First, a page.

# Norm inequalities for submultiplicative functions involving contraction sector $$2 \times 2$$ block matrices

## Abstract

In this article, we show unitarily invariant norm inequalities for sector $$2\times 2$$ block matrices which extend and refine some recent results of Bourahli, Hirzallah, and Kittaneh (Positivity, 2020, https://doi.org/10.1007/s11117-020-00770-w).

## Introduction

Let $$\mathbb{M}_{n}$$ be a set of all $$n\times n$$ complex matrices. A matrix $$A\in \mathbb{M}_{n}$$ is said to be positive semidefinite if $$x^{*}Ax\geq 0$$ for all $$x\in \mathbb{C}^{n}$$. If the eigenvalues $$\lambda _{1}(A), \dots , \lambda _{n}(A)$$ of A are all real, we arrange them in nonincreasing order $$\lambda _{1}(A)\ge \cdots \ge \lambda _{n}(A)$$. Singular values of A are the eigenvalues of $$|A|$$ and are arranged in nonincreasing order $$s_{1}(A)\ge \cdots \ge s_{n}(A)$$. For $$A \in \mathbb{M}_{n}$$, we denote by $$|A|=(A^{*}A)^{\frac{1}{2}}$$, $$A^{*}$$, $$\|A\|$$, and $$\|A\|_{\infty }=s_{1}(A)$$ the absolute value, the conjugate transpose, the unitarily invariant norm, and the operator norm, respectively. We say A is a contraction if $$\|A\|_{\infty }\leq 1$$. By convention, the $$n \times n$$ identity matrix is denoted by $$I_{n}$$. $$\|A\|$$ and $$\|A\|_{\infty }=s_{1}(A)$$ are unitarily invariant, i.e., $$\|UAV\|=\|A\|$$ for all unitary matrices U, V. For $$A, B\in \mathbb{M}_{n}$$, the weak majorization relation $$s(A)\prec _{w} s(B)$$ means

$$\sum_{j=1}^{k}s_{j}(A) \leq \sum _{j=1}^{k}s_{j}(B),\quad k=1,2, \ldots , n.$$

For $$A\in \mathbb{M}_{n}$$, recall the Cartesian (or Toeplitz) decomposition (see, e.g., [2, p. 6] and [3, p. 7])

$$A =\operatorname{Re}A+i \operatorname{Im}A,$$

where

$$\operatorname{Re}A:=\frac{1}{2}\bigl(A+A^{*}\bigr),\qquad \operatorname{Im}A:= \frac{1}{2i}\bigl(A-A^{*}\bigr).$$

The Cartesian decomposition of a matrix is unique. There are many interesting properties for such a decomposition. A celebrated result due to Fan and Hoffman (see, e.g., [2, p.73]) states that

\begin{aligned} \lambda _{j}(\operatorname{Re}A) \leq & s_{j}(A),\quad j=1, \ldots , n. \end{aligned}
(1)

The numerical range of $$A\in \mathbb{M}_{n}$$ is defined by

$$W(A) = \bigl\{ x^{*}Ax\mid x\in \mathbb{C}^{n}, x^{*}x=1\bigr\} ,$$

which is a compact convex set (see, e.g., [4, Chap. 1]). For $$\alpha \in [0, \pi /2)$$, a sector on the complex plane is

$$S_{\alpha } =\bigl\{ z\in \mathbb{C}\mid \operatorname{Re}z \geq 0, \vert \operatorname{Im}z \vert \leq (\operatorname{Re}z)\tan \alpha \bigr\} .$$

A sector matrix $$A\in \mathbb{M}_{n}$$ is a matrix whose numerical range is contained in $$S_{\alpha }$$ for some $$\alpha \in [0, \pi /2)$$. It is clear that if $$A\in \mathbb{M}_{n}$$ is a sector matrix, then ReA is positive semidefinite. The interested readers can refer to , and  for recent results on sector matrices. If $$W(A)$$ is contained in the first quadrant of the complex plane, then ReA and ImA are positive semidefinite. We call such a matrix A accretive-dissipative. Note that if A is accretive-dissipative, then $$W(e^{-\frac{i\pi }{4}}A)\subseteq S_{\frac{\pi }{4}}$$. Recently this class of matrices has been studied by researchers partly due to the fact that it contains the class of positive semidefinite matrices (see, e.g., [1, 1117]).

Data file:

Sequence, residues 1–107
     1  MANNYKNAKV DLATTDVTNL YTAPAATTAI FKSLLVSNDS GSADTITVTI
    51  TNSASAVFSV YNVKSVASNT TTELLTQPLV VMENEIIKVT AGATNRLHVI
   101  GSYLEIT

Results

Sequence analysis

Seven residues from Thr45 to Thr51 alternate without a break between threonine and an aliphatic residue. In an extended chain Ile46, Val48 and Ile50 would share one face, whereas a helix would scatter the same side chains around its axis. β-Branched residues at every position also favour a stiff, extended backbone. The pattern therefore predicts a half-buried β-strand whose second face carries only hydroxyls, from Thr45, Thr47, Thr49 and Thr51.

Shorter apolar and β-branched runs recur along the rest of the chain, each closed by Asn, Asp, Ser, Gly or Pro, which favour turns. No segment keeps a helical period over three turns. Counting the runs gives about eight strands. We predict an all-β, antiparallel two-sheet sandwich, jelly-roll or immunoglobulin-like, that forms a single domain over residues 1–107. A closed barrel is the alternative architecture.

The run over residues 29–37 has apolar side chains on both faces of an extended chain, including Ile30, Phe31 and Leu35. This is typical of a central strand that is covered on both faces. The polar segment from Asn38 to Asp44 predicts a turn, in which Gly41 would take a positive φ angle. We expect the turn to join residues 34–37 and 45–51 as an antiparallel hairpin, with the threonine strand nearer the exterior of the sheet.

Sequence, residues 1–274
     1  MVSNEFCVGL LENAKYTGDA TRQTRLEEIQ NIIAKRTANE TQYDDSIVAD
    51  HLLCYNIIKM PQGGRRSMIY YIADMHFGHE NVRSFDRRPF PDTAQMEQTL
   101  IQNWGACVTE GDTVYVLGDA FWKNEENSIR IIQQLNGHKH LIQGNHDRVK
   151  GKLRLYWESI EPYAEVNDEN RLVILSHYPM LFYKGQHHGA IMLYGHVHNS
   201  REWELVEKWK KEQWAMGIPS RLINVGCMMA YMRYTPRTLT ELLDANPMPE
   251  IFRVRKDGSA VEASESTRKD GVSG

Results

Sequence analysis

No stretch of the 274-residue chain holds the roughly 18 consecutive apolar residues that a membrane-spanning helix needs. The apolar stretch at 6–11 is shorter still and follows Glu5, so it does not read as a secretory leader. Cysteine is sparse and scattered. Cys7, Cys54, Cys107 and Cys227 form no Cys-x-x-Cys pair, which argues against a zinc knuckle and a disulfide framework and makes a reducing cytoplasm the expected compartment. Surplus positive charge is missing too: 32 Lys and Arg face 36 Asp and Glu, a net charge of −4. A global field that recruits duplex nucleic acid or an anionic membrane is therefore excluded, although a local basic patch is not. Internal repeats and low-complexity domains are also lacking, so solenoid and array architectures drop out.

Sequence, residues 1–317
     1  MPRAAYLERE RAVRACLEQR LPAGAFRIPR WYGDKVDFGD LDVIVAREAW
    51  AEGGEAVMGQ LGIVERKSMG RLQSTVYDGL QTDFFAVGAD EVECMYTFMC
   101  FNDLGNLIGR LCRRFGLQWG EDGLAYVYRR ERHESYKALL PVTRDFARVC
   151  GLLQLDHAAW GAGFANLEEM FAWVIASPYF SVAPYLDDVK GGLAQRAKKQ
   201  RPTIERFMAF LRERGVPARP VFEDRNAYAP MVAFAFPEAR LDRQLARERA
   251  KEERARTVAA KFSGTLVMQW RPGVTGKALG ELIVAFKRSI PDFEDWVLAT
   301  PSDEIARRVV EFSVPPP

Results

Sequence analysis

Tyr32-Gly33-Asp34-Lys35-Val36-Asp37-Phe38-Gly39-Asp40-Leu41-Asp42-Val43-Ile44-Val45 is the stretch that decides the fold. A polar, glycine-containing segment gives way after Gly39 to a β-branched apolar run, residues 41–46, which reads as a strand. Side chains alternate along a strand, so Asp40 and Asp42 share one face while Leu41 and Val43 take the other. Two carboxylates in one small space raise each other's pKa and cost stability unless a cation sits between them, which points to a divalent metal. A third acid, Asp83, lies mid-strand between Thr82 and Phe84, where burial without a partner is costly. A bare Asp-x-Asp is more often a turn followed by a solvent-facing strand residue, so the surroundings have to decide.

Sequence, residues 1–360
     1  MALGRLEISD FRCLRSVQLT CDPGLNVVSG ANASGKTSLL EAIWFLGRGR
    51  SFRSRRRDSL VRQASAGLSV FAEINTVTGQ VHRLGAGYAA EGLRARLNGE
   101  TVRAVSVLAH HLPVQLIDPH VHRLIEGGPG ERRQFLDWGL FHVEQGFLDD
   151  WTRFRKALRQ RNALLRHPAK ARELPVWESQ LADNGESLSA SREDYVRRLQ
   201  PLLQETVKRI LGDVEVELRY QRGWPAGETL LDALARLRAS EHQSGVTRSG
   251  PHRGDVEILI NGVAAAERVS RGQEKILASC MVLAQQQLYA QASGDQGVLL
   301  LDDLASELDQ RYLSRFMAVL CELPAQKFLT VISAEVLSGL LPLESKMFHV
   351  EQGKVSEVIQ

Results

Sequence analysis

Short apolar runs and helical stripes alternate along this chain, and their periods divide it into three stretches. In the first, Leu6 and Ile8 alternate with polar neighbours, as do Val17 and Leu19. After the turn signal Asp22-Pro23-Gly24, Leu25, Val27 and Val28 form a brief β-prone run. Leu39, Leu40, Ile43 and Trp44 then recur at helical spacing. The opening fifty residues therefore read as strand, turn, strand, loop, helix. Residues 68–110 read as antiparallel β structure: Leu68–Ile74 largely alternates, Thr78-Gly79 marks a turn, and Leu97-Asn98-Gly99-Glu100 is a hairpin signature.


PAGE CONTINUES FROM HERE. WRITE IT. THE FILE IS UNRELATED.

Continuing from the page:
Next we introduce a special class of functions. Let $$\mathcal{C}$$ be the class of all nonnegative increasing functions f on $$[0, \infty )$$ preserving the weak-log majorization, i.e., for two nonincreasing sequences of nonnegative real numbers $$(x_{1}, x_{2},\ldots , x_{n})$$ and $$(y_{1}, y_{2}, \ldots , y_{n})$$, $$\prod_{j=1}^{k} x_{j} \leq \prod_{j=1}^{k} y_{j}$$ for $$k=1,\ldots , n$$ implies $$\prod_{j=1}^{k} f(x_{j}) \leq \prod_{j=1}^{k} f(y_{j})$$ for $$k=1,\ldots , n$$. There are many other properties on this class of functions; see [12, 18]. A nonnegative function $$f\in \mathcal{C}$$ on the interval $$[0, \infty )$$ is said to be submultiplicative if $$f(ab)\leq f(a)f(b)$$ whenever $$a, b\in [0, \infty )$$. Recently, some unitarily invariant norm inequalities for submultiplicative functions of accretive-dissipative matrices have been shown in  and .

Bourahli et al. [1, Lemma 3.4] showed that if $A= ( A 11 A 12 A 21 A 22 ) ∈ M 2 n$ is a positive semidefinite contraction and s, t are positive real numbers such that $$\frac{1}{s}+\frac{1}{t}=1$$, then

$$\bigl\Vert f\bigl( \vert A_{12} \vert ^{2}\bigr) \bigr\Vert \leq \bigl\Vert f^{s} \bigl(A_{11}^{\frac{1}{2}} \bigr) \bigr\Vert ^{\frac{1}{s}} \bigl\Vert f^{t} \bigl(A_{22}^{\frac{1}{2}} \bigr) \bigr\Vert ^{\frac{1}{t}},$$
(2)

where f is an increasing submultiplicative function on $$[0, \infty )$$ with $$f(0)=0$$. Moreover, if $$A\in \mathbb{M}_{2n}$$ is just positive semidefinite (not necessarily contraction matrices), then they presented a result related to (2) in [1, Remark 3.5] as follows:

$$\bigl\Vert f\bigl( \vert A_{12} \vert ^{2}\bigr) \bigr\Vert \leq f \bigl( \bigl\Vert A_{11}^{\frac{1}{2}} \bigr\Vert _{\infty } \bigl\Vert A_{22}^{\frac{1}{2}} \bigr\Vert _{\infty } \bigr) \bigl\Vert f^{s} \bigl(A_{11}^{\frac{1}{2}} \bigr) \bigr\Vert ^{ \frac{1}{s}} \bigl\Vert f^{t} \bigl(A_{22}^{\frac{1}{2}} \bigr) \bigr\Vert ^{ \frac{1}{t}}.$$
(3)

## Unitarily invariant norms for submultiplicative functions

In  and , some unitarily invariant norms for accretive-dissipative matrices involving a special class of functions have been shown. In this section, we present inequalities for sector block matrices involving the class of function.

### Lemma 2.1

([19, p. 280])

Let A, X, B be $$m\times p$$, $$p\times q$$, $$q\times n$$ matrices, respectively. Then

$$s_{i}(AXB)\leq s_{1}(A)s_{j}(X)s_{1}(B), \quad i\leq \min \{m, p, q, n \}.$$

### Lemma 2.2

([8, Theorem 2.1])

Let $$A\in \mathbb{M}_{n}$$ be $$n\times n$$ such that $$W(A)\subseteq S_{\alpha }$$ for some $$\alpha \in [0, \pi /2)$$. Then there exist an invertible matrix X and a unitary and diagonal matrix $$Z=\operatorname{diag}(e^{i\theta _{1}},\ldots , e^{i\theta _{n}})$$ with all $$|\theta _{j}|\leq \alpha$$ such that $$A=XZX^{*}$$. Moreover, such a matrix Z is unique up to permutation.

### Lemma 2.3

([8, Corollary 2.3 (ii)])

Let $$A\in \mathbb{M}_{n}$$ be such that $$W(A)\subseteq S_{\alpha }$$ for some $$\alpha \in [0, \pi /2)$$, and let $$A=XZX^{*}$$ be a sectoral decomposition of A, where X is invertible and Z is unitary and diagonal. Then

\begin{aligned} RR^{*}\leq \sec (\alpha ) \bigl(R(\operatorname{Re}Z)R^{*} \bigr)=\sec (\alpha ) \bigl( \operatorname{Re}\bigl(RZR^{*}\bigr)\bigr) \end{aligned}

for every matrix $$R\in \mathbb{M}_{n}$$.